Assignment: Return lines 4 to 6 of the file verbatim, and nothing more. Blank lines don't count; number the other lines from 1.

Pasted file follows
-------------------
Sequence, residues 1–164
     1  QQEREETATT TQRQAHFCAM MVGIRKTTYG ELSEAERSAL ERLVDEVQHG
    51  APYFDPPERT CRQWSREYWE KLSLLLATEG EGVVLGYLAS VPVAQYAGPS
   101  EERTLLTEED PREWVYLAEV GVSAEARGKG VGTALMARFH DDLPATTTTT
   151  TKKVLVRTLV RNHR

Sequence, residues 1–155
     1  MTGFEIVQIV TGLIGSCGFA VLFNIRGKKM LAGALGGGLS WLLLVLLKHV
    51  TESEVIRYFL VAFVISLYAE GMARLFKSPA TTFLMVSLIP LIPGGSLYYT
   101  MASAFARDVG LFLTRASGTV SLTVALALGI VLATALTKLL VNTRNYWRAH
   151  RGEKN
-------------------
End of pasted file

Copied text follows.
   101  EERTLLTEED PREWVYLAEV GVSAEARGKG VGTALMARFH DDLPATTTTT
   151  TKKVLVRTLV RNHR

Sequence, residues 1–155